This article was published in The Jerusalem Report on May 24, 2010. To subscribe to The Jerusalem Report, click here.
Over the past few weeks, signs of a brewing international onslaught on Israel's presumed nuclear weapons' capability have been mounting. In April, the United States and Egypt discussed the terms of a new Egyptian working paper calling for a "Middle East free of nuclear weapons," and a senior American official was quoted as saying the US was prepared to go further on this than ever before. In early May, the US initiated a statement by the five permanent members of the UN Security Council backing "full implementation" of a resolution passed at the 1995 Nuclear Non-Proliferation Treaty (NPT) Review Conference calling for a verifiable Middle East zone free of all weapons of mass destruction, (WMD), nuclear, chemical and biological, and their delivery systems.
A few days later, news leaked that the International Atomic Energy
Agency, (IAEA), the UN's nuclear watchdog, had placed a discussion of
"Israeli nuclear capabilities" on the provisional agenda of its
forthcoming board meeting in Vienna in early June, and that its new
Director General, Japan's Yukiya Amano, had reportedly asked foreign
ministers of the agency's 151 member states to propose ways of
"persuading" Israel to sign the NPT, a move that could compromise its
right to nuclear weaponry.
The Egyptian working paper included paragraphs demanding that all
NPT signatories reveal what they know of Israel's reputed nuclear
arsenal, deny it nuclear materials and equipment and insist on the
dismantling of its nuclear warheads. A letter to the IAEA from the Arab
member states made similar demands.
But more than the Arab anti-nuclear machinations, which have been
standard for more than two decades, Israeli officials are concerned at
a possible shift in American policy. In Barack Obama, the United States
has a president committed to a world free of nuclear weapons, and
therefore, at least theoretically, receptive to regional nuclear
disarmament ideas. And the fear among some Israeli officials is that
this could spill over into pressure on Israel's nuclear arsenal and its
policy of nuclear "ambiguity" or "opacity," under which it refrains
from acknowledging its nuclear power status and, in return, the US asks
no questions and heads off potentially inimical international moves.
Obama outlined his vision of a world free of nuclear weapons just over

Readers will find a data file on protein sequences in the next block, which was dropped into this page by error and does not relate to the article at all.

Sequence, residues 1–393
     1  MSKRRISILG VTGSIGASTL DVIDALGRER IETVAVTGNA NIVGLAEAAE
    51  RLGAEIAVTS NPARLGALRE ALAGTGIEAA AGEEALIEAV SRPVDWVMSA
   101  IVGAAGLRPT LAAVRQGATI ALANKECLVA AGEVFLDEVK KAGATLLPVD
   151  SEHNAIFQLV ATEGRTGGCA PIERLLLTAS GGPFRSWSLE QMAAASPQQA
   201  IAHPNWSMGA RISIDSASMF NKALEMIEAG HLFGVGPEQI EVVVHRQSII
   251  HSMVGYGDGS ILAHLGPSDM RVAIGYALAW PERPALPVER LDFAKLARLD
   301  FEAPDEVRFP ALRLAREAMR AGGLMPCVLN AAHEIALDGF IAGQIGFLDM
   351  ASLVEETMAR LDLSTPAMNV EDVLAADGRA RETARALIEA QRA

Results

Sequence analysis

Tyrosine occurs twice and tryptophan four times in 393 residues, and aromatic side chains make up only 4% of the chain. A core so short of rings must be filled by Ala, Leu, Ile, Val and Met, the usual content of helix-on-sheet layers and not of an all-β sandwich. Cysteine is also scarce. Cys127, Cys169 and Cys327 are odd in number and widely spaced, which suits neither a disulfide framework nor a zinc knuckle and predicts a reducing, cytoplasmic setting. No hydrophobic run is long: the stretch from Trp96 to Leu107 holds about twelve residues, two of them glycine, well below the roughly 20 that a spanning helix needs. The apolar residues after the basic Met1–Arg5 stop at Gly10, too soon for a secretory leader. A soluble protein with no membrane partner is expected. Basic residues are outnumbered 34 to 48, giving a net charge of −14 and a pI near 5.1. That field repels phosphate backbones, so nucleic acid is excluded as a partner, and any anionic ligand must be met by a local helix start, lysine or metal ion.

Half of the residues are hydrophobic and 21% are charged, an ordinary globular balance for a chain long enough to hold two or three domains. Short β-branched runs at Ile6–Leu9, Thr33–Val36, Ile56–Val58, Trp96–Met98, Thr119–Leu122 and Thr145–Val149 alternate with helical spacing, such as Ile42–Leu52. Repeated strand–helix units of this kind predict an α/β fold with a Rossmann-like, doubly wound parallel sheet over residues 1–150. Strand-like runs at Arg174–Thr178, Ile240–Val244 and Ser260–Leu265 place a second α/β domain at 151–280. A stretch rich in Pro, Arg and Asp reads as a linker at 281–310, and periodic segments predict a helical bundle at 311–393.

a year ago in Prague, followed it up with the April 8 new START
agreement with Russia on nuclear warhead reduction, a US-initiated
Nuclear Security Summit in Washington a few days later and a leading
American role at the current five-yearly NPT Review Conference in New
York. Still, despite Obama's activism, analysts point out that his
global nuclear free goals are long-term – he himself has said that they
are not expected to be reached in his life-time – and that, therefore,
nuclear pressure on Israel may be less immediate than Israeli officials
fear, or their Arab counterparts hope.
US Secretary of State Hillary Clinton gave some inkling of this at the
NPT Review Conference. In the hall, she confirmed the public support
for a WMD-free zone in the Middle East. But in a follow-up media
conference, she seemed to take on board Israel's central argument that
it needs to have peaceful relations with all its Middle Eastern
neighbors before it can be expected to disarm. "Now, given the lack of
a comprehensive regional peace and concerns about some countries'
compliance with NPT safeguards, the conditions for such a zone do not
yet exist," she declared.
Be that as it may, Obama's nuclear philosophy and his coordination with
the Egyptians on a nuclear-free Middle East raise profound questions.
If and when it comes to the crunch, how much pressure is he likely to
exert on Israel to help create a nuclear-free Middle East or to sign
In early May, the US announced the precise number of nuclear warheads
it had stockpiled -- 5,113 -- raising further questions for Israel. For
example, in this gathering new climate of transparency in nuclear
affairs, will Israel be able to maintain its policy of secrecy and